Before I get started on my rant about Credit e-trading in Europe, can I please state two things:

1) Categorically I am a believer in credit for Fixed Income! Corporate Bonds, Subordinated debt, MBS, ABS, CDO, CLNs, FRNs (I don’t think of Supras, Agencies, Pfanbriefe etc as Credit in this context)….I believe, I truly do. Whether the spreads are far too narrow in relation to the risk is another matter and not for a blog on e-trading.

2) e-trading for Credit in Europe works for retail flow. Bloomberg do a great job of executing these essentially very simple trades, Reuters not quite as good a job,……because it is all about the price/yield the less than sophisticated end user wants. It is all about getting a massive number of small tickets done as efficiently as possible.

Now to the crux of this piece: E-trading for Institutional Sized Cash Credit in Europe has Failed.

You all agree? No? Is it only Market Axess & those at TradeWeb who joined for the Corporate offer that disagree? Or maybe the handful of institutional clients across Europe that do anything resembling a material % of their trades (not necessarily volume) electronically?

It is debatable as to whether it has failed or is failing. I prefer to be a bit more definite as I think the future doesn’t hold great hopes for the development of cash credit bonds electronically.

Liquidity is poor, for mostly obvious reasons, and getting worse – note the huge amount of M&A work that is being financed by various complex loan arrangements rather than bond or equity issuance. 2006 looks like being a very sad year for new corporate issuance….but have no fear bankers, your M&A guys have more than made up for it! As we all know, Liquidity is vital for a product to be sucessfully supported electronically.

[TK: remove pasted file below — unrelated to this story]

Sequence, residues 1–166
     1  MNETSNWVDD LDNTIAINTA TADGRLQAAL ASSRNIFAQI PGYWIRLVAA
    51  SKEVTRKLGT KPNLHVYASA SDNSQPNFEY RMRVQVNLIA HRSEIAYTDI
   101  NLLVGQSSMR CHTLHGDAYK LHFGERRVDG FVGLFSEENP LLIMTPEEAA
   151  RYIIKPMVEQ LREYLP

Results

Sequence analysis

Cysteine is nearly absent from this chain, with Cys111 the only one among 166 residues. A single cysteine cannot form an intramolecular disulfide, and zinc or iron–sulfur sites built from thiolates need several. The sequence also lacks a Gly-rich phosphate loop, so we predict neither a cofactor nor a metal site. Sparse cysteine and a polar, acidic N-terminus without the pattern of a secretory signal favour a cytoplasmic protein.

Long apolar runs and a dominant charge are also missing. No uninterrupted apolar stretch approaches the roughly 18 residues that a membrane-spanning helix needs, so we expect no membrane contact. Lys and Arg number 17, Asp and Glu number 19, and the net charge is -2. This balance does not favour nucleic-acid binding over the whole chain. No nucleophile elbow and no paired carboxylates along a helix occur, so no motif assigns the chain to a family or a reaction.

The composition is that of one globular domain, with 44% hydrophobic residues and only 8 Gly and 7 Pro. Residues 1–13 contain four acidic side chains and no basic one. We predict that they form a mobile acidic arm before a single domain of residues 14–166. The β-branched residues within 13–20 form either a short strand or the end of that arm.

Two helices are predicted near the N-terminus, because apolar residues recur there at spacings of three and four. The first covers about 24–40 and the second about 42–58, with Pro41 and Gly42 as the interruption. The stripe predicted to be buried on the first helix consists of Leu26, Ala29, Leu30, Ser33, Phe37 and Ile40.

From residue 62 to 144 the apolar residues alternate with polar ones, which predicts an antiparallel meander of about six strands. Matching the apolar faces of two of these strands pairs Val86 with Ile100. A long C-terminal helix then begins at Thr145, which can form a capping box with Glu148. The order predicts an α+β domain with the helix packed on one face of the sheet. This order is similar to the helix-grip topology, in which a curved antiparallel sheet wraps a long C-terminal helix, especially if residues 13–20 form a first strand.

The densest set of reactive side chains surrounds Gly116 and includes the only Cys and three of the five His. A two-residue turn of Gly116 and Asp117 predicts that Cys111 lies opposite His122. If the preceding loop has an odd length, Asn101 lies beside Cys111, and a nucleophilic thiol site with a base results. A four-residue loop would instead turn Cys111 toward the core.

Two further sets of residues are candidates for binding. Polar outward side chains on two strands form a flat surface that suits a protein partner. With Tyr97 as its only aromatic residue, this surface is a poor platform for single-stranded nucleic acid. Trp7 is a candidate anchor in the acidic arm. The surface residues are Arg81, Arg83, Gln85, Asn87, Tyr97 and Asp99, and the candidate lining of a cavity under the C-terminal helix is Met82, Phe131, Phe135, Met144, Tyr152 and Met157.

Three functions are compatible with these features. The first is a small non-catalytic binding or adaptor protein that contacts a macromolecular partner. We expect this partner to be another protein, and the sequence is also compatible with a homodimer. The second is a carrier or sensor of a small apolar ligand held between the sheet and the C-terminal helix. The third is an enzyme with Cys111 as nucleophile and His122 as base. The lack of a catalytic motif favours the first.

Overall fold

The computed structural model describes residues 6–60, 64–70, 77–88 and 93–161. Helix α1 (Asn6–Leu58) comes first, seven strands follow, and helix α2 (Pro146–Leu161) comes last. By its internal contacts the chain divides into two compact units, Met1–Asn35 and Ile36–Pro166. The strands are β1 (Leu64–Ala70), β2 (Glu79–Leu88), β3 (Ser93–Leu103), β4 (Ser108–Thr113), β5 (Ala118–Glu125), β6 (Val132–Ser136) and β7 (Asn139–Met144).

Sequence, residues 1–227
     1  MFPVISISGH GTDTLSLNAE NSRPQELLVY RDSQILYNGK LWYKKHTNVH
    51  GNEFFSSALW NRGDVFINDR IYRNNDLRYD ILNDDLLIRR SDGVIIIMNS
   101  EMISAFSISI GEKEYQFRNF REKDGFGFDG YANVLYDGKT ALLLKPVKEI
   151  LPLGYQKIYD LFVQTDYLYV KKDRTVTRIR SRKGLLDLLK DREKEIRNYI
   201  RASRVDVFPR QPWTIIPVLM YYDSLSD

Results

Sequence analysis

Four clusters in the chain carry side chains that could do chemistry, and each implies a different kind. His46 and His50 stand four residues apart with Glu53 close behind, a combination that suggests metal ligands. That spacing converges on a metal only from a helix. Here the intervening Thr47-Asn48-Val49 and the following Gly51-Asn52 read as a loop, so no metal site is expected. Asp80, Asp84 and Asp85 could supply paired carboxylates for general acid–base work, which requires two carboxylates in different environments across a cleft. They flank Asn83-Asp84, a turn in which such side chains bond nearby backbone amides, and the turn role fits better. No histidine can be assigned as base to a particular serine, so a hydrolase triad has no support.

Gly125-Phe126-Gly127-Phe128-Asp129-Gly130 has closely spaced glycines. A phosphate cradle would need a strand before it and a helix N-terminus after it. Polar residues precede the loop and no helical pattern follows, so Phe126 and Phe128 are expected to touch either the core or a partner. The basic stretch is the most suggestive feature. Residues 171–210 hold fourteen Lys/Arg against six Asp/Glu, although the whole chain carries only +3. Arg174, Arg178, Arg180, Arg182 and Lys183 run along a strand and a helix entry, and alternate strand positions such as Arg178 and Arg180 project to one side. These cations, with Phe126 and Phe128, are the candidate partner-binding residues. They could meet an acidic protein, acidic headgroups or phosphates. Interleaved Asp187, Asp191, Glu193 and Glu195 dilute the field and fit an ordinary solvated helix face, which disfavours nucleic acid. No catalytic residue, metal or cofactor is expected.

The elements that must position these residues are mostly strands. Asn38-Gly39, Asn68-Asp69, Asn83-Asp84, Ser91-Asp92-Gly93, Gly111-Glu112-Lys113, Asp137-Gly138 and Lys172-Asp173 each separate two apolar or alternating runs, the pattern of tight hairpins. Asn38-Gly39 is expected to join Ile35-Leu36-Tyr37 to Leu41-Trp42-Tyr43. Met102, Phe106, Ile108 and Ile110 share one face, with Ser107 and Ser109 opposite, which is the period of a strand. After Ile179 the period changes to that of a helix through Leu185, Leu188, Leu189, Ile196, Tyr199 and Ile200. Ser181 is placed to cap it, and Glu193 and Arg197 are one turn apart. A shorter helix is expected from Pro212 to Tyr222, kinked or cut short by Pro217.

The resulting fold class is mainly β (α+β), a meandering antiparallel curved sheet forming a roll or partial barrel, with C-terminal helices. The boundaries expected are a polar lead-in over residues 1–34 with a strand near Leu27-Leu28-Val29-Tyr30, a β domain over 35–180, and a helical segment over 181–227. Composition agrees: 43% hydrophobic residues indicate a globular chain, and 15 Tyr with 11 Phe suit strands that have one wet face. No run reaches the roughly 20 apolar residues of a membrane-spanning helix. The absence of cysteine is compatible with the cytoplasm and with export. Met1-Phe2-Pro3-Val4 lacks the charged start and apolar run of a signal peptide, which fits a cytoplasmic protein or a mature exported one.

The structure of the market isn’t conducive to e-trading. By this I mean the way institutions trade, spread vs. swap, spread vs. govt etc and of course the ovious fact that you have so many issues by so many different issuers with each issue often having a limted number of banks supporting it etc, thus rendering inventory as a major driver of liquidity. This is stating the obvious and yet many ECN’s continue to try and ram corporate bonds down people’s throat electronically, whilst essentially following the government bond model of CRFQ & trading on price.

The likes of Market Axess & now TradeWeb have clearly focused on the institutional side of credit. However MA have never been a raging success in Europe (The US is very different given the deeper and more mature credit market there) whilst the TradeWeb offering has been luke-warm  at best – in fairness it is still early days, but I don’t see it really taking off.

Can the Banks & ECN’s do a better job to meet institutional needs in this space? The answer is yes, but I can’t see them replicating phone/block trades to a satifactory degree…..primarily because of the liquidity factor – so ECN’s can continue to blame the Price Makers!

In my opinion, the real death-knell will be when single-name CDS goes electronic…..within the next two years. Liquidity will be far better, hedge funds will be more involved. Corporate Bonds will remain as important as they are now, to institutional investors, but I just don’t see how they are traded, electronically, developing enough over the same period.